- a file request (both for upload and download)
    - a server confirm (ensuring client to be able to continue communication)
    - file data transfer (to server for upload, from server for download)

    Now, you can send messages using plain text or using data coding: text messages needs to be parsed (for obtaining data) and needs to be composed, while data coding need no parsing (pratically you send struct variables). Some limitation: using text messages, their lengths are flexible (because each text message is terminated by a special character, so you read a message until reach that char), while using data coding, each message has a fixed size.

    If you need to specify the filename to upload/download, text messages are flexible (because file path has a variable length), but you can use data coding preserving space for file path (for example 2048 chars).

    Using text messages, a communication should appear like this:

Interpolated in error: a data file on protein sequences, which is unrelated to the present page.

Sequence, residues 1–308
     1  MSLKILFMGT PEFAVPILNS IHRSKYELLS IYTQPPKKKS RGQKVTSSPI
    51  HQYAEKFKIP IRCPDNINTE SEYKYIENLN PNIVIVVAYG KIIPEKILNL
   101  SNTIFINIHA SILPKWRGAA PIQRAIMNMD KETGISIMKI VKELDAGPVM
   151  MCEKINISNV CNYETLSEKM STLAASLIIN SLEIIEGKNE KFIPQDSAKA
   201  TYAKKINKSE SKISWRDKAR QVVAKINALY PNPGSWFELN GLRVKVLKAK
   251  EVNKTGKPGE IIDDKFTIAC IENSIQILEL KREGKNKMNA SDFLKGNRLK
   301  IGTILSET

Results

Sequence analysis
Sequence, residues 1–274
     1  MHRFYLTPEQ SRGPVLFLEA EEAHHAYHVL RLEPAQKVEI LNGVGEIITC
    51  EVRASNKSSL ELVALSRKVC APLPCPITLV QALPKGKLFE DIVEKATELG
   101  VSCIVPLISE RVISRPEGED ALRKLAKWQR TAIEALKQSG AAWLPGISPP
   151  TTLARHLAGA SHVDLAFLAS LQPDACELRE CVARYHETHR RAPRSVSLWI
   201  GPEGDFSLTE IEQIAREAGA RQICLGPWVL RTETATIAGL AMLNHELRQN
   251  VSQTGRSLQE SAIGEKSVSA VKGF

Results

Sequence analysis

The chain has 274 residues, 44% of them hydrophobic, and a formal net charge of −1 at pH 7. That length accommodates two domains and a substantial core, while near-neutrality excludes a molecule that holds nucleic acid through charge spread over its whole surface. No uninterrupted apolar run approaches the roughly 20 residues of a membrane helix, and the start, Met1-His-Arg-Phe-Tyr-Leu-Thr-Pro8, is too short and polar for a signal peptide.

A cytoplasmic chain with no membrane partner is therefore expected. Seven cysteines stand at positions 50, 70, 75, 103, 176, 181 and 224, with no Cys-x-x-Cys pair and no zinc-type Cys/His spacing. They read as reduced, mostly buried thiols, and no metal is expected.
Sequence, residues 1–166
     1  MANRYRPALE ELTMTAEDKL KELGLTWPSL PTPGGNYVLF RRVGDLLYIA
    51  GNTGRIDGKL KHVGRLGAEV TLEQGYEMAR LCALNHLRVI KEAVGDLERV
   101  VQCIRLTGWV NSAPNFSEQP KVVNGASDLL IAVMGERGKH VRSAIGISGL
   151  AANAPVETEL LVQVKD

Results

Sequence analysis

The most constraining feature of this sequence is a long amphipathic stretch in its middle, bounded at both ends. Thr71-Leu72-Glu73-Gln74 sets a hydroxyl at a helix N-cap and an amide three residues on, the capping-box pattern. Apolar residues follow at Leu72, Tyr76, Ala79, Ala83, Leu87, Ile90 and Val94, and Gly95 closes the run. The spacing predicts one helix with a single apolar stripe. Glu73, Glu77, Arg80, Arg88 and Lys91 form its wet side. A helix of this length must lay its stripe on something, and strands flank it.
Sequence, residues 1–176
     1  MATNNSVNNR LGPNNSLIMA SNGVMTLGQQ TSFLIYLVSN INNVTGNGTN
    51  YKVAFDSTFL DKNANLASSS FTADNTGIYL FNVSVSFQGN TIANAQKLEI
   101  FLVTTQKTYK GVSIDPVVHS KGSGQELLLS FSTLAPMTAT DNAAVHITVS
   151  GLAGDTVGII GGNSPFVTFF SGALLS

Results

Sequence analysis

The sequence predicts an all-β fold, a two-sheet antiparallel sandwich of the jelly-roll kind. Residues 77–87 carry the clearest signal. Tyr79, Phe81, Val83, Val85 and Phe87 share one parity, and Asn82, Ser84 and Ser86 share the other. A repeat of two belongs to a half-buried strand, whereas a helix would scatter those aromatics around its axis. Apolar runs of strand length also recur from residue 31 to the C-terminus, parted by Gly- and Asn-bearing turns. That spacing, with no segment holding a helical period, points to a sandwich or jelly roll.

- (client->server) DOWNLOAD <filepath>\n
    - (server->client) FILE [AVAILABLE|UNAVAILABLE]\n
    - (server->client) FILESIZE <filesize>\n
    - (server->client) <filedata>

    - (client->server) UPLOAD <filepath>\n
    - (client->server) FILESIZE <filesize>\n
    - (server->client) FILE [UPLOADABLE|UNUPLOADABLE]\n
    - (client->server) <filedata>

    Using data coding, a communication should appear like this:

    /* Structure to request a download/upload */
    struct _file_request_s {
    char path[2048];
    long size;
    #define FILE_UPLOAD 0x01
    #define FILE_DOWNLOAD 0x03
    uint32_t flags;